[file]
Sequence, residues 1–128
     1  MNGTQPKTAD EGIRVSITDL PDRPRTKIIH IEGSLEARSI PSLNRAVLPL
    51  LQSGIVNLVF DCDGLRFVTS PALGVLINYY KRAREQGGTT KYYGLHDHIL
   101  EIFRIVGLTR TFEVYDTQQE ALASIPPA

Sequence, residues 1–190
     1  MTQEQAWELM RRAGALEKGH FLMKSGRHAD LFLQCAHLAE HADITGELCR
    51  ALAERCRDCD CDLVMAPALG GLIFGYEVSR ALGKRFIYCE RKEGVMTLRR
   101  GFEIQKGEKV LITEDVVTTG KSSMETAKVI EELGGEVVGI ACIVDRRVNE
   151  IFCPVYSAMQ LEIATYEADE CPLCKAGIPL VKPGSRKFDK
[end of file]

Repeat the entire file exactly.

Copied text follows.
Sequence, residues 1–128
     1  MNGTQPKTAD EGIRVSITDL PDRPRTKIIH IEGSLEARSI PSLNRAVLPL
    51  LQSGIVNLVF DCDGLRFVTS PALGVLINYY KRAREQGGTT KYYGLHDHIL
   101  EIFRIVGLTR TFEVYDTQQE ALASIPPA

Sequence, residues 1–190
     1  MTQEQAWELM RRAGALEKGH FLMKSGRHAD LFLQCAHLAE HADITGELCR
    51  ALAERCRDCD CDLVMAPALG GLIFGYEVSR ALGKRFIYCE RKEGVMTLRR
   101  GFEIQKGEKV LITEDVVTTG KSSMETAKVI EELGGEVVGI ACIVDRRVNE
   151  IFCPVYSAMQ LEIATYEADE CPLCKAGIPL VKPGSRKFDK